Technique: Lustre, two-colour
Maw & Co
Probably Charles Henry Temple
6" x 12"
A highly stylised art nouveau yet arts &
crafts influenced design
in the manner of the
Vienna Secessionists. Highly stylised floral
decoration the outline in a brown stain
apparently painted through a stencil and pinted
by hand with lustre colours. Alongside the
familiar golden lustre there is blue/green
lustre, this is incredibly rare, the first time
I have seen it any where near this kind of date,
de Morgan didn't do green lustres ever.
The manufacture of
lustrewares was an unpredictable process relying
on a reaction between the atmosphere in the kiln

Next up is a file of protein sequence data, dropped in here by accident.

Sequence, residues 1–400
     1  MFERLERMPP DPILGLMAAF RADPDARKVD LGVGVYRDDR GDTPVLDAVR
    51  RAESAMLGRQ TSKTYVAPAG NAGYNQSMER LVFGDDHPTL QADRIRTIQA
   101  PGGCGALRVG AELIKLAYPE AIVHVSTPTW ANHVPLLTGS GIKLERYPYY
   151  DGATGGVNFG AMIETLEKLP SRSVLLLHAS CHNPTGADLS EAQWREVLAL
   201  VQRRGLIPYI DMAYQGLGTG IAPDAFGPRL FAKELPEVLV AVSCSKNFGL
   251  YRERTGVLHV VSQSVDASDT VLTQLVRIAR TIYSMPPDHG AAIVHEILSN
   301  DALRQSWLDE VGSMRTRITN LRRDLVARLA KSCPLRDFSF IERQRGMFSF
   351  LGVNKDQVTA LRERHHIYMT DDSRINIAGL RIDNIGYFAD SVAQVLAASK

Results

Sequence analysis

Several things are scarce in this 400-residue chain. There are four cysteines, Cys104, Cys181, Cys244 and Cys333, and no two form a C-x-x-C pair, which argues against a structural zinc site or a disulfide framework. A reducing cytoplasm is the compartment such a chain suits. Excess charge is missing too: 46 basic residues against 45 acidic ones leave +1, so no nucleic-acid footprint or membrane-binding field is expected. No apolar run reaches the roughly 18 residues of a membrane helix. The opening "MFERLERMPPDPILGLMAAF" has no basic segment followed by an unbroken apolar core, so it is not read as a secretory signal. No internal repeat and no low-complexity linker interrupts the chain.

and the painted stain which results in a
brilliant metallic sheen that is literally on
the very surface.
A difficult process with dramatic results
means such tiles were highly prized and highly
priced, an interesting comparison of prices can
be gained from a Maw & Co price list dating
from the 1890s.
- Plain coloured tiles 4d - 4.5d each
- Relief tiles 6.5d - 7d each
- Walter Crane designs 6.5d each
- Lustre tiles 56d each
The unit of currency in 1890 is pennies, old
pennies - 240 to the pound!